Ring necked parakeet in full glory

The weather has been so dull and I've been so busy that I've only managed to take a couple of images this week. However, as we're heading for warmer climes and more exotic wildlife I sorted through some images from a previous trip to the Everglades.

Otter snacking on a crab

Manatees at a dock in Key Largo enjoying fresh water from a hosepipe

Anhinga resting on the back of a what looks like a rock but is, in fact, a turtle

Tuesday, 25 September 2007

The park over the road in Autumn

Heron yawning

I've didn't realize until I looked at this picture closely that the heron was showing its tongue. I watched it stalking fish in the shallows for a while. Its ability to stand immobile is impressive.


It was amazing to watch this jackdaw ridding the deer of unwanted parasites. It worked its way along the haunches and up the spine before finally inspecting the deer's ear for bugs. A starling was doing much the same on another deer close by.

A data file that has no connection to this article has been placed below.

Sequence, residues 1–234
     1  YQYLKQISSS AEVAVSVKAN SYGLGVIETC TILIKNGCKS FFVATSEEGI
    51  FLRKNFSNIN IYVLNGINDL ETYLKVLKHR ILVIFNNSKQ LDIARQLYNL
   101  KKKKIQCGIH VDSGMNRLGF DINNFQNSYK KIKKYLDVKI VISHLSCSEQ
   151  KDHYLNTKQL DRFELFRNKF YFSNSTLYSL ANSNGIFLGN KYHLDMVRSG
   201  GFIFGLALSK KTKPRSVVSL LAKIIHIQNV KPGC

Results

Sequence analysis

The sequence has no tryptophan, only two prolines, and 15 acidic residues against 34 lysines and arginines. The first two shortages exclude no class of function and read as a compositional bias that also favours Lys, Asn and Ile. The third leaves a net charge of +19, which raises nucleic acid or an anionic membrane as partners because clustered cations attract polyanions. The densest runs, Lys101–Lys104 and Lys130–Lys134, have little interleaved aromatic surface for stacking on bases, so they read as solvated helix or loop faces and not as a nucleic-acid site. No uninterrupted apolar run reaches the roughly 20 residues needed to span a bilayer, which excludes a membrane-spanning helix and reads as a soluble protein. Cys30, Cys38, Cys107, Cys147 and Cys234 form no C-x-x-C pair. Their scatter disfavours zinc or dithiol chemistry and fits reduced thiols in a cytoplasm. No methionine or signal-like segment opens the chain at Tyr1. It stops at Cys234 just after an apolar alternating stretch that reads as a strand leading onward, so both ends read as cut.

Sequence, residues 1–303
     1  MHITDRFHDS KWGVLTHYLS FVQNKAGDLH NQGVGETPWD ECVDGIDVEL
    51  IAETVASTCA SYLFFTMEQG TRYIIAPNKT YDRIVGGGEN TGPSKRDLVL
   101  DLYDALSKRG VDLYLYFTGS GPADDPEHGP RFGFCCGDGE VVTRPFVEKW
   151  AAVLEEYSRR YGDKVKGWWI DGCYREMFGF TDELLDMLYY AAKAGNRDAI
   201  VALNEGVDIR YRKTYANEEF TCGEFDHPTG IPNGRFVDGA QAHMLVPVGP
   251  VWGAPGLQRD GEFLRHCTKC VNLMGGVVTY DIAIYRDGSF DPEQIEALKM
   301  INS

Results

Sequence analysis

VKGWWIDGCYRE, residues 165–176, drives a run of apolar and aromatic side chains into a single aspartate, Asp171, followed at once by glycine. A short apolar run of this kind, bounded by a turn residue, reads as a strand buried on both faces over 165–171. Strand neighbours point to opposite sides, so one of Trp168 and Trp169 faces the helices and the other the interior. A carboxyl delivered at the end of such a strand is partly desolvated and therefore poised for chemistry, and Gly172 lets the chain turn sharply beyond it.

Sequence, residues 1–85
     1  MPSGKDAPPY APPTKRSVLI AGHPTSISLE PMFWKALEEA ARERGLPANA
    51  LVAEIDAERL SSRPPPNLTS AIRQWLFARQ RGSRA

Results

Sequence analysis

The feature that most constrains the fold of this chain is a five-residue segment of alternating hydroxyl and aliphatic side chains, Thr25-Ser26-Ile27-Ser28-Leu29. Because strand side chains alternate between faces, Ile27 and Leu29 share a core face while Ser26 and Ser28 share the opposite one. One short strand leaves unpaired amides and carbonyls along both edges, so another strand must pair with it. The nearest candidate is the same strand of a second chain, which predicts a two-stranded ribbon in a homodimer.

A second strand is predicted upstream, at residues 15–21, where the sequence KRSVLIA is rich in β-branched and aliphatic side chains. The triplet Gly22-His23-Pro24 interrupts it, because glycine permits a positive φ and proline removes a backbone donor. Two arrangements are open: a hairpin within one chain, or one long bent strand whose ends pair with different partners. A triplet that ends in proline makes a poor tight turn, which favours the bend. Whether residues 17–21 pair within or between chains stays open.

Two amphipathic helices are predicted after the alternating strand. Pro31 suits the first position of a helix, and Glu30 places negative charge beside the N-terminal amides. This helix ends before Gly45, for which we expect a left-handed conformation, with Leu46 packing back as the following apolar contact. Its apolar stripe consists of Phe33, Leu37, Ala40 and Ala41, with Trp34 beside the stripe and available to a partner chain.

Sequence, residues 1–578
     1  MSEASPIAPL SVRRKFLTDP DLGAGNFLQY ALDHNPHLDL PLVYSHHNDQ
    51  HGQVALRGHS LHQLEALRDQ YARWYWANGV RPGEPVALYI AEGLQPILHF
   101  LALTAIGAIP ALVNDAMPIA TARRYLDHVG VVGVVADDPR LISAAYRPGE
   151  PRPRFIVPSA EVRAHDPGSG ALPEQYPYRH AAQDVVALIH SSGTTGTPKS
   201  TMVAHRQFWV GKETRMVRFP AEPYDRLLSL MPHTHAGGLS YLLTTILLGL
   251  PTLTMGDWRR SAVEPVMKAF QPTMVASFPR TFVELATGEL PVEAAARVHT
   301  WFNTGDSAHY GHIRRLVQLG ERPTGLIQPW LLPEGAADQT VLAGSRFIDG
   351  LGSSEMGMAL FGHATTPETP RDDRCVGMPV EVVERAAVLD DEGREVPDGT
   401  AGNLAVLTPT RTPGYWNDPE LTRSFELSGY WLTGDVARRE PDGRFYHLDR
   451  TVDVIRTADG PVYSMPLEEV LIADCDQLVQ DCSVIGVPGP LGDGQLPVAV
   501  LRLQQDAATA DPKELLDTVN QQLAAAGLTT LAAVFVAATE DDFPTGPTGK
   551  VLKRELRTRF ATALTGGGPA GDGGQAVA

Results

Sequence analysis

A view from Bushy Park

Bushy Park is a fabulous Royal Park which was part of Henry VIII's Hampton Court Palace estate. Deer roam the large open areas and there are two lovely woodland gardens which have attractive water features and plenty of wildlife. The shrieking of dozens of wild parakeets ring through the trees, especially at roosting time giving the park an exotic feel.

A fallow deer cross the Longford River

The deer sometimes canter through the streams but I've also seen them congregate in the wide and shallow areas 'messing about' in the water, just like kids.

Sly fox

Lunchtime in the park and the pair of young foxes are brave enough to be seen in daylight. This one is particularly brave, and I thought foxes were nocturnal!